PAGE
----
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To many Penn athletes, nutrition is a crucial element of day to day performance.

Credit: Ananya Chandra , Ilana Wurman, Ilana Wurman

You are what you eat. And for Penn’s varsity athletes, nothing could be more important than what they put in their bodies.

Expending massive amounts of energy on the court, the field, the track, the pool or in the weight room, something has to give athletes the fuel to power their bodies through multiple workouts per day, as well as to (maybe) stay awake in class.

It’s a challenge for anyone to eat right, but getting the proper nutrition is even more critical for athletes to ensure peak performance. And with the amount of not-so-sound nutrition information floating around on social media, the unlimited amount of ice cream in the dining halls and the time crunches between class and practice, it can be hard to know exactly what, when and where to eat.

The path to healthy eating

The resources available for Penn’s athletic nutrition program have been steadily growing for the last few years. Adding full-time sports nutritionist Kayli Hrdlicka in 2013, as well as investing in equipment such as the Bod Pod — which provides metrics on body composition such as body fat and lean muscle mass — means that the information on sports specific nutrition is more readily available to athletes. Prior to Hrdlicka’s hire, the sports nutrition department consisted only of a single part-time employee responsible for the school’s 960 student-athletes.

Hrdlicka initially developed an interest in nutrition after losing her uncle to a heart attack far too early.

“He was only fifty-two,” she said. “I had a lot of family who struggled with health issues that could have been helped with better nutrition. That sparked my interest and that was the only thing I wanted to study undergrad.”

The nutritional challenges faced by collegiate athletes resonate personally with Hrdlicka, who herself was a collegiate distance runner at Northwest Missouri State, where she studied dietetics. Now a registered — as well as a certified sports specialist — dietitian, Hrdlicka works throughout Penn Athletics to provide nutritional and team-specific dietary support.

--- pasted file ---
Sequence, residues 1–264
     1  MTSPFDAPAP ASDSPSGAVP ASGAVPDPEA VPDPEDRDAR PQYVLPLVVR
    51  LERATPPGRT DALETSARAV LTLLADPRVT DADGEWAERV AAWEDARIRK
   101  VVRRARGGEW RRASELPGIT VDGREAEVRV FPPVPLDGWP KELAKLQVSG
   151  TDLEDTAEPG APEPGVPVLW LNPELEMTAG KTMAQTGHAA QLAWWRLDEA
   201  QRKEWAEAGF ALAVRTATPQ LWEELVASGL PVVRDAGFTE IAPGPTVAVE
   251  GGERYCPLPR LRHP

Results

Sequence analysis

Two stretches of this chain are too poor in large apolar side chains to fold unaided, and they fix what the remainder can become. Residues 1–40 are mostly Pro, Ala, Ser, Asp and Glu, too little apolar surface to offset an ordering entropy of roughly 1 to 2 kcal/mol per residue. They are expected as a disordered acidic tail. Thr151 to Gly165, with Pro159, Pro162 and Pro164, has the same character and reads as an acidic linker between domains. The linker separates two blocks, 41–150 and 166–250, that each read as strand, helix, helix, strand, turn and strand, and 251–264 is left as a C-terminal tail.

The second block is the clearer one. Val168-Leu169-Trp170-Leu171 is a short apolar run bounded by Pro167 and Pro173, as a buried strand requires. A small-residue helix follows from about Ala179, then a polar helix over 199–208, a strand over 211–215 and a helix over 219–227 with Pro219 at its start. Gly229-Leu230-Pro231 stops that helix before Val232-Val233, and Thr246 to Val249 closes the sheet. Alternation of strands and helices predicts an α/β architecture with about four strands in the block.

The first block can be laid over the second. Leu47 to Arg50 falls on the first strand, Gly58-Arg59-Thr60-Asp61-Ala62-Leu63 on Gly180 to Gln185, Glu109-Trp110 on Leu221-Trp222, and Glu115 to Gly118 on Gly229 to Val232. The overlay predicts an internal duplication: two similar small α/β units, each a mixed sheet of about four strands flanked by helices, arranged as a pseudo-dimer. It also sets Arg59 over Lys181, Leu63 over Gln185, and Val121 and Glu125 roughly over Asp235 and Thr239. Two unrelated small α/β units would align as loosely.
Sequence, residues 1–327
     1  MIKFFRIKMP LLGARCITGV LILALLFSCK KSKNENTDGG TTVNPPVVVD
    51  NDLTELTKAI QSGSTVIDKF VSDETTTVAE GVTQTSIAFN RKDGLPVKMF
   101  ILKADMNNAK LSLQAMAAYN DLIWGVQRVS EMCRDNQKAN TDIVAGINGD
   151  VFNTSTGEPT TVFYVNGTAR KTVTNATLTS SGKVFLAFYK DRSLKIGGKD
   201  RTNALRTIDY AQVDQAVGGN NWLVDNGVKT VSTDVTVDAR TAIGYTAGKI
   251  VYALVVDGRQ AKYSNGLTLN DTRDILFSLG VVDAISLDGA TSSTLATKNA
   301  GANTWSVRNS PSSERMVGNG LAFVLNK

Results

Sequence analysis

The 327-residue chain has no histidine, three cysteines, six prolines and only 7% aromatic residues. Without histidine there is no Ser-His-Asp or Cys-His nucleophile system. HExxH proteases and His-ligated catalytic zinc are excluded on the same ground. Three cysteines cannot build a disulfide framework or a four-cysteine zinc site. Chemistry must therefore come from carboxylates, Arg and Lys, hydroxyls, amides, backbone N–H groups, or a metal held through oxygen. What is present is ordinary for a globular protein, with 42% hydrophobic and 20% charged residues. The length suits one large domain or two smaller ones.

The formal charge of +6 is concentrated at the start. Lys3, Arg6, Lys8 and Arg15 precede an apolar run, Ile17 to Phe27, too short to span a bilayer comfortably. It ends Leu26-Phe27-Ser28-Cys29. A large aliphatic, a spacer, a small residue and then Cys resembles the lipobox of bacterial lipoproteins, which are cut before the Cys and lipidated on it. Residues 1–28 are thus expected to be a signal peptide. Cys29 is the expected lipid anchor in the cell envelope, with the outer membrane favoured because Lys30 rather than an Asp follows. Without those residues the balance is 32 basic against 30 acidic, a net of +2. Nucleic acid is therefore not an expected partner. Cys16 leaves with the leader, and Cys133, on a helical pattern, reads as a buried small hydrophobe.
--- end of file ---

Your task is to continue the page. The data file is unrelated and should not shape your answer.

“As an athlete during undergrad, I’d sit in classes and wonder, how does this affect me?”

Hrdlicka, though currently working as Penn’s sole sports nutritionist, has goals to expand the sports nutrition program.

“I think right now we’re in a really exciting transition period. Last year they had deregulation in the NCAA where you can now provide more meals and snacks [to athletes],” she explained. “We’ve pursued that a little bit and been able to provide more nutritional support to certain teams. There’s been more excitement and interest in how nutrition can impact athletics.

“I’d love to be able to provide more recovery options and to expand some of my educational reach to athletes and maybe eventually partner with Dining Services.”

Increased communication with the coaching staff has also helped Hrdlicka further expand her influence and educate athletes.

“When I first got here, [the coaches] weren’t used to having someone here,” she said. “It wasn’t something that came to the forefront of their minds and I had to reach out to talk to their teams. Now I’m having coaches reach out to me and say, ‘Hey, can you come in and talk to my team?’ They could really benefit from you.

“Hopefully as years go on, this will become more of a standard, and it’s a given that a team will meet with me.”

Nutrition, supersized

Standing at 6-foot-11, Darien Nelson-Henry needs to fuel not only a super-sized body, but a super-sized beard and off-the-charts activity levels. Eating properly has been a critical factor in Nelson-Henry’s basketball success and overall fitness.